Rashidun Muslims invaded Persia in 633 AD, and conquered it by 651 AD, largely replacingManichaeism and Zoroastrianism. Iran thereafter played a vital role in the subsequent Islamic Golden Age, producing many influential scientists, scholars, artists, and thinkers. The emergence in 1501 of the Safavid dynasty, which promoted Twelver Shi’a Islam as the official religion, marked one of the most important turning points in Iranian and Muslim history. Starting in 1736 under Nader Shah, Iran reached its greatest territorial extent since the Sassanid Empire, briefly possessing what was arguably the most powerful empire in the world. In the course of the 19th century, Iran irrevocably lost swaths of its territories in the Caucasus region which made part of the concept of Iran for three centuries, to neighboring Imperial Russia. The Persian Constitutional Revolution of 1906 established the nation’s first parliament, which operated within a constitutional monarchy. Following a coup d’état instigated by the U.K. and the U.S. in 1953, Iran gradually became very close allies with the US and the rest of the West, remained secular, but grew increasingly autocratic. Growing dissent against foreign influence and political repression culminated in the 1979 Revolution, which led to the establishment of an Islamic republic on 1 April 1979.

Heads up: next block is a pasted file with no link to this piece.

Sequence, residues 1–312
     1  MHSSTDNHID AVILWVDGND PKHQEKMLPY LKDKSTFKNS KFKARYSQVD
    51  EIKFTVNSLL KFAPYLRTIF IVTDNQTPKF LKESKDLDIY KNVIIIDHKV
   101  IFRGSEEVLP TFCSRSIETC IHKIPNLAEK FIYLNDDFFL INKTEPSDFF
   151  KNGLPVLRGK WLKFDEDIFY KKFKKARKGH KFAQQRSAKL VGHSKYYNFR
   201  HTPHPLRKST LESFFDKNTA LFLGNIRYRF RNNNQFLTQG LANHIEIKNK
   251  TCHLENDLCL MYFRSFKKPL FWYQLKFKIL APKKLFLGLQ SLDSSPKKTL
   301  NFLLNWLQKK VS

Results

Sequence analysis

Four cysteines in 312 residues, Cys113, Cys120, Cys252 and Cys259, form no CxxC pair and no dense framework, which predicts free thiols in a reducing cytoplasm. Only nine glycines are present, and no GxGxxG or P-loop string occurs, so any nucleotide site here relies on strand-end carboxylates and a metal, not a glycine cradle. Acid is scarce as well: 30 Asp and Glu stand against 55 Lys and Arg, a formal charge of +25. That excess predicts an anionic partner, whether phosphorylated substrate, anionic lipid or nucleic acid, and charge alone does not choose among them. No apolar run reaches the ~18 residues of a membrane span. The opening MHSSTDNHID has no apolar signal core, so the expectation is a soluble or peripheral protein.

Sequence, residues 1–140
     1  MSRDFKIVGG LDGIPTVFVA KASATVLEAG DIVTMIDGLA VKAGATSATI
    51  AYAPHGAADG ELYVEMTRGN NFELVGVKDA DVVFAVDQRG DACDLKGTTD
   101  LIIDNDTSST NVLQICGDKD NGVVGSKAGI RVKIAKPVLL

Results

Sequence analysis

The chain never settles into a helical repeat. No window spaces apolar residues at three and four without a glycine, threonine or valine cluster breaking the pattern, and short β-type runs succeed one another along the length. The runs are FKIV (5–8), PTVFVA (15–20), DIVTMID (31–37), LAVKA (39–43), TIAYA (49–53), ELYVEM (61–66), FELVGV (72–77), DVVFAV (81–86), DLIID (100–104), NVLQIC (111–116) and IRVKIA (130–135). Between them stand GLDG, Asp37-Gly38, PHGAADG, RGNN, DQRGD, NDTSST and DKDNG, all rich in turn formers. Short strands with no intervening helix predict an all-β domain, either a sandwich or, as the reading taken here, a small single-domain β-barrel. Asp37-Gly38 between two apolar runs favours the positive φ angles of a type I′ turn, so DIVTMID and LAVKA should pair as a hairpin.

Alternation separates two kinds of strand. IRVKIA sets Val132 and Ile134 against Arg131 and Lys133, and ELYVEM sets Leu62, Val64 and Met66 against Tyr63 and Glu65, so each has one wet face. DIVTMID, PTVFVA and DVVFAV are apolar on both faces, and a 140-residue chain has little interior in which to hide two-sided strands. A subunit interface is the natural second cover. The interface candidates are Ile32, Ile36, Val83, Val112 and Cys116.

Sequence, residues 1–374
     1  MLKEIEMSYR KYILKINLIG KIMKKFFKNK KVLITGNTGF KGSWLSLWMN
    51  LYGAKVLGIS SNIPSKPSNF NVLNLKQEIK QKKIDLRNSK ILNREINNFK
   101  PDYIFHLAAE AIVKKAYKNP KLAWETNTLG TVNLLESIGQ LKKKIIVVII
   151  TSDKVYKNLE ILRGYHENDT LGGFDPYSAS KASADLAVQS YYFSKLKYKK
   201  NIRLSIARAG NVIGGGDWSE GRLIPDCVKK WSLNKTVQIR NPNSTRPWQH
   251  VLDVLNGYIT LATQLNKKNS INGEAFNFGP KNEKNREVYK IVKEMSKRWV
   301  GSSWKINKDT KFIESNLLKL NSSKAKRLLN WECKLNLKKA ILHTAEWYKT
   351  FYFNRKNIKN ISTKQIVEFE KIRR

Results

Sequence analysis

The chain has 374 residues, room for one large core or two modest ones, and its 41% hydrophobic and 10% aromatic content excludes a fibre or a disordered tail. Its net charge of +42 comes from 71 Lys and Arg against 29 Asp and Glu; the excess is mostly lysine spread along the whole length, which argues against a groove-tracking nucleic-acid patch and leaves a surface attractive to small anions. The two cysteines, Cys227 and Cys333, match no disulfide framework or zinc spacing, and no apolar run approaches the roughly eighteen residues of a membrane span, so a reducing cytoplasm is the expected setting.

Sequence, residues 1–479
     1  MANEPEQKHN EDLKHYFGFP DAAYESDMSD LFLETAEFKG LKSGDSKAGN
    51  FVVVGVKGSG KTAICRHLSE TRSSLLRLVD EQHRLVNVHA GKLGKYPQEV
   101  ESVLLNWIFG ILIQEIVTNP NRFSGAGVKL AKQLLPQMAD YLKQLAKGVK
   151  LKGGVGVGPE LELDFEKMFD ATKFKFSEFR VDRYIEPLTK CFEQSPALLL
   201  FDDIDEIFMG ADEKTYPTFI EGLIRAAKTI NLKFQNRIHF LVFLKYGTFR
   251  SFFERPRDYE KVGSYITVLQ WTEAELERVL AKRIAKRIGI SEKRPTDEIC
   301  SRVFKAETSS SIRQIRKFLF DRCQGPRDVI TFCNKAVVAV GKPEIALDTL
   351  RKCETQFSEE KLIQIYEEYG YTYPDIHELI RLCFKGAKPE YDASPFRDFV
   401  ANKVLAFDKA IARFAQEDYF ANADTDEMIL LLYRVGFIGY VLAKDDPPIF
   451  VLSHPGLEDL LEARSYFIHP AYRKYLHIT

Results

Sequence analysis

Tehran is the capital and largest city, serving as the cultural, commercial, and industrial center of the nation. Iran is a major regional and middle power, exerting considerable influence ininternational energy security and the world economy through its large reserves of fossil fuels, which include the largest natural gas supply in the world and the fourth-largest proven oil reserves.It hosts Asia’s 4th-largest number of UNESCO World Heritage Sites.